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Ukrainian mother-of-two details long journey made from war-torn Popasna to safety in Southwell

The mother of the first Ukrainian family to resettle in the district has opened up on the trauma of fleeing her war-torn hometown with her two young children.

Alina Koreniuk, who has found safety in Southwell with her daughters Kristina, 12, and Olha, 8, through the government’s Ukraine sponsorship scheme, spoke to the Advertiser about her journey out of Ukraine, keeping in contact with her husband — who remains in the country — and blogging to help other refugees.

Alina Koreniuk and her daughters, Kristina and Olha.
Alina Koreniuk and her daughters, Kristina and Olha.

Speaking through host and freelance translator Simon Hollingsworth, Alina said it took 72 hours of travelling to reach England.

“We would have come here earlier but with our circumstance it took time,” said Alina, who lived in Popasna, which has been under constant threat from Russian forces.

“It sounds ridiculous but working in the police I couldn’t just leave, I had to work off my final notice of my employment despite the fact there was no police station. It had been bombed.

“And I didn’t want to just walk out.”

Simon Hollingsworth and Catherine Wilson with Alina Koreniuk and her daughters, Kristina and Olha.
Simon Hollingsworth and Catherine Wilson with Alina Koreniuk and her daughters, Kristina and Olha.

Alina played footage of the current state of her hometown from a video sent to her on WhatsApp, which showed the supermarket, offices and residential homes in ruins.

Another video, taken by Russians, has been uploaded to YouTube. You can see it below.

“First of all, in 2014, I lost my father because of the military action,” she said.

“He died from a shrapnel wound.

“We have lived this way for eight years, it has not been a sudden thing. I worked at the police station and we were often woken at 5.30am, and we were told where to go to make sure residents were safe in their homes or in bunkers under the ground. This would happen on a daily basis.”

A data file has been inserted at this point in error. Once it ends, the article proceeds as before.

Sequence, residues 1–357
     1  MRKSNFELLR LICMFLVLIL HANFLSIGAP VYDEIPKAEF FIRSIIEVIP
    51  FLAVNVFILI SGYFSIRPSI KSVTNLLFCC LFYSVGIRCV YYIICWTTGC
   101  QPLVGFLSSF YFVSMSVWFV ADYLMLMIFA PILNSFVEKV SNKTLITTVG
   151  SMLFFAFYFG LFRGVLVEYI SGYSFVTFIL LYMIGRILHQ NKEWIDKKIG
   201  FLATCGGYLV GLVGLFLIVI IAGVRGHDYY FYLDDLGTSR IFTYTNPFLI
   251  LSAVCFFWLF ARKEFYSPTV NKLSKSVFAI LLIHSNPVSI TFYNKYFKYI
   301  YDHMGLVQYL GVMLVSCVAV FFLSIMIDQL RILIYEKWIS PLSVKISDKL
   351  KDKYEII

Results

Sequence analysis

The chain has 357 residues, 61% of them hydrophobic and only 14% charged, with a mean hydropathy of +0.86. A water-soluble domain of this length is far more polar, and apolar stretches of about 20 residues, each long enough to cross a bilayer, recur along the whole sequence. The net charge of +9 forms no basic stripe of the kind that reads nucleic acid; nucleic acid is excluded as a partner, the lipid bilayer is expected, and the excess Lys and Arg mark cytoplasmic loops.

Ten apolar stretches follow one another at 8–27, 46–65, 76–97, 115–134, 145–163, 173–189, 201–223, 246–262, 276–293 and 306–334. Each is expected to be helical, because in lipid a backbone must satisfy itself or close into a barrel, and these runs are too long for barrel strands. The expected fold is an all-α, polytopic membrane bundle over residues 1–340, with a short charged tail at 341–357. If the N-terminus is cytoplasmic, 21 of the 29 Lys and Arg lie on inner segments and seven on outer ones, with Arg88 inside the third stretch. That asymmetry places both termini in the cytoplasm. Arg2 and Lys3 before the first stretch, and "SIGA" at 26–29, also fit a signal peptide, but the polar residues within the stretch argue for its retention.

Alina said her husband, Yurii, remained in Ukraine, in Kryvyi Rih, a town where there is relative safety, and remains on call ready to serve his country.

“Yurii has just written to me to say his good friend has died,” said Alina. “He worked at the fire station with him. He was shot dead.”

The timing of the message reminded her of the ever-changing situation.

After finishing her notice, the family fled to Kryvyi Rih, towards the centre of Ukraine, away from the war hotspots.

“We left while we were being bombed,” said Alina.

“We had our children in the car and we got halfway (to Kryvyi Rih) and stopped at a police station where we could stay overnight.

“Three families, all with children, were there. We wanted to stay there but the next morning we were told by officers that we needed to move on because it wasn’t safe.

“We wanted to go back to Popasna, it was our home, where we were born, where we are from.

“When we left we had to take what we could, which was practically nothing. We had our documents, and we were ready to go.

“The children are very used to travelling to the sound of gun fire.

“When we were leaving Olha said she didn’t like the noise (the gun shots) and asked me to close the window, but I couldn’t because I needed to know which direction the gun shots were coming from.

“We had to make sure we weren’t heading into that area.

“My mother and my grandmother initially refused to leave Popasna. They said it was their home and they were not leaving. They were living in an underground cellar with no windows.

“They were finally evacuated by a tractor, and they only left when the president came on TV and said they had to leave.”

Alina Koreniuk and her daughters, Kristina and Olha.
Alina Koreniuk and her daughters, Kristina and Olha.

Alina said her family have since settled in Southwell, where they feel safe ­— a huge positive for her children.

“They are fine now. We feel safe, which is the most important thing, because prior to this I was unsure if we would be safe again,” she said.

“We have a roof over our heads, we have water, power and food.

“It looks like we have sorted schooling for both of the children.”

Alina said she was appreciative of the reception from residents.

“As soon as people hear the word Ukraine, people just stop for you,” she said.

“It is quite something. I am very aware I am very fortunate to find a wonderful English family who have opened their door to us.”

To try to give information and help others, Alina has been sharing posts through Instagram.

You can follow Elena’s post by visiting her profile (@alinka0005alinka).

On her social media, she details the price of essentials items and offers help from her own experiences.

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